Assamese vote in Indian elections.
Assamese vote in Indian elections. Reuters

India’s massive general election commenced Monday in the northeastern state of Assam, where a huge turnout partially reflects the local residents’ concerns over rising illegal immigration from neighboring Bangladesh.

Indians are voting for members of the Lok Sabha, the lower house of parliament, in nine stages over the next six weeks, beginning with the eastern provinces of Assam and Tripura. According to the Election Commission of India (EC), about 6.4 million eligible voters, including about 3.1 million women, will vote in Assam at about 8,600 polling stations. The Calcutta Telegraph newspaper reported on Tuesday that in five of the 14 constituencies of Assam, turnout has averaged about 74.2 percent (versus 69.6 percent for the 2009 national elections). The Assam Tribune reported that polling in Assam has been generally free of any untoward incidents, with an unusually high number of youths queuing up to cast their ballots. “Polls have been peaceful and recorded an impressive turnout of voters. We expect the voting percentage to cross [the] 75 [percent level], as final reports are still being awaited,” Vijayendra, the chief electoral officer in Assam, told The Tribune.

In the last election, the center-left Congress Party and its local alliance partner, the local Bodoland People's Front (BPF), trounced their opponents in Assam – grabbing eight of the 14 parliamentary seats, with the center-right Bharatiya Janata Party (BJP) winning just four seats. Assam has been dominated by Congress for decades, with a chief minister, Tarun Gogoi, who has won three consecutive elections. Gogoi’s son, Gaurav, who is himself running as a parliamentary candidate for the constituency of Kaliabor, is optimistic that Congress can maintain its power in Assam, while dismissing the BJP and its leader, Narendra Modi. “There is no ‘Modi magic,’ but [rather] ‘Tarun Gogoi’ magic in Assam. Earlier, I had said we will win ten [parliamentary] seats, but now I am sure the Congress will get more than that,” Gaurav told local reporters, the Tribune said.

Indeed, Nirmal Goswami, a professor of political science at Texas A&M University-Kingsville, said that polls suggest that, in stark contrast to much of the rest of India, Congress is expected to win again in Assam – but perhaps not by as large a margin as in previous elections. Given that one of the key election issues in Assam is illegal immigration from neighboring Bangladesh, the BJP and Modi may deliver a respectable showing in the state. In its recently released party manifesto, the BJP vowed that, if it gained power in New Delhi, it would take serious steps to stop the influx of illegal immigrants from Bangladesh and expel those who are already residing in Assam and other parts of northeastern India. Promising to give the issue its “top priority,” BJP stated in the manifesto that it would seek to complete the construction of a border fence to block the entry of illegal immigrants and upgrade border security. Perhaps most controversially, Modi has said that he wants to only expel Muslim immigrants, but embrace Hindus coming across the borders from Bangladesh. (This statement, though it played well with conservative Hindus, is largely meaningless since the overwhelming majority of Bangladeshi immigrants practice Islam.)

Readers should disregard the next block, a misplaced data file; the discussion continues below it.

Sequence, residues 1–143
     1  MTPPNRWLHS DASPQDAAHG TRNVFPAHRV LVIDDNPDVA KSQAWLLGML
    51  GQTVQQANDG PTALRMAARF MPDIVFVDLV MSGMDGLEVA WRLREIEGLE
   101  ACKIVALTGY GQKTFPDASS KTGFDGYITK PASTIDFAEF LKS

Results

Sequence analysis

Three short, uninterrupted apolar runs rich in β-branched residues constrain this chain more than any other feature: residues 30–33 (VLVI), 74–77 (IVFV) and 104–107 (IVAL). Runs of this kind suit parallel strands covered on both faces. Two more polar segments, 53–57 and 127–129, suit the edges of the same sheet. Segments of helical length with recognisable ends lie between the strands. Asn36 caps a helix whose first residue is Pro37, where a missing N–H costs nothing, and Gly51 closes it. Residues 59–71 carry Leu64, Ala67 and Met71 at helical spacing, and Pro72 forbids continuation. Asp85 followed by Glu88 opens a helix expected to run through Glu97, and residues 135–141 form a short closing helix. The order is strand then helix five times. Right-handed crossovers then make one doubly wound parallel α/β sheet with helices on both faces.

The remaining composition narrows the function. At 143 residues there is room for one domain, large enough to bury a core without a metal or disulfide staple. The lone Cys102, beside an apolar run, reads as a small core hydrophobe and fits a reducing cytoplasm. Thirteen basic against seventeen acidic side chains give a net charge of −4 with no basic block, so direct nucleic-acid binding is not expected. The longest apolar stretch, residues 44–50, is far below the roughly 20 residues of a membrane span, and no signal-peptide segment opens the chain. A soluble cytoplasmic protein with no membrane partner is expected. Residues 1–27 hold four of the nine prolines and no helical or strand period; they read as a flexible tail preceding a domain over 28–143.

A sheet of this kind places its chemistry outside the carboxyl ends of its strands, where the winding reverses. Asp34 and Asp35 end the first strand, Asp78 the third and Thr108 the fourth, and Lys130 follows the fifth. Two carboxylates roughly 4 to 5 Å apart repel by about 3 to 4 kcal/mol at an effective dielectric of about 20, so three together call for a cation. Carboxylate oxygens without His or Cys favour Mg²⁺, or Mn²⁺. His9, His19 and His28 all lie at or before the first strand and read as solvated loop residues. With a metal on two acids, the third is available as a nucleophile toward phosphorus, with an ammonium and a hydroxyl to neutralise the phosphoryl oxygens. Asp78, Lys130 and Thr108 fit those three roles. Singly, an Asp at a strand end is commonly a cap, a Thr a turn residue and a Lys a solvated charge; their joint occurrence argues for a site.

Assam, which is located to the north and east of Bangladesh, has received millions of illegal immigrants over the past few decades, causing alarm among the local populace. One of the groups most fiercely opposed to illegal immigration are Assam’s indigenous and tribal communities, including the Bodo people. The Assam Sanmilita Mahasangha (ASM) -- an umbrella organization representing the state’s various indigenous population segments – has accused the central and state governments (run by Congress) of illegally providing Indian citizenship to millions of illegal immigrants in the state, including both Bangladeshis and Nepalis, as a means of increasing electoral support for Congress. In a statement, ASM warned that such measures marginalize their communities and threaten their very existence in their own homeland. “The Union [Indian central government] home and foreign ministries are hiding the true facts about the number of foreigners in Assam,” the group said. In the past, ASM characterized the granting of citizenship to foreigners as a “conspiracy” by the Indian government to deny indigenous people of their land rights.

The state’s regional party, Asom Gana Parishad (AGP), which is also running some candidates in the election, has made illegal immigration from Bangladesh its fundamental campaign issue, having been formed in 1986 for the express purpose of halting all illegal immigration into the state. Another group affiliated with AGP, The All-Assam Students’ Union (AASU), has long demanded the expulsion of illegal Bangladeshi immigrants, frequently chanting the slogan “Bangladeshi, go back” in street marches. “We want speedy identification and deportation of illegal migrants,” Samujjal Bhattacharya, adviser for the AASU, told Tehelka magazine of India. “The demography of Assam is under threat, indigenous communities are turned into [a] minority all because both the [federal] and the state [governments] have used them as vote banks and tried to legalize the illegal migrants. The fallout has been violence.”

With an estimated population of some 31 million people in Assam, the number of illegal immigrants (and their descendants) is unknown. In 2005, the governor of Assam, Ajai Singh, sent a communique to the central government in which he claimed that up to 6,000 Bangladeshis enter the state every day. A report in Fair Observer estimated that Assam is home to some 5 million illegal immigrants, primarily from Bangladesh. Other sources speculate that actual number is closer to 10 million, which, if accurate, would mean, that more than one-third of the state’s residents are illegal immigrants.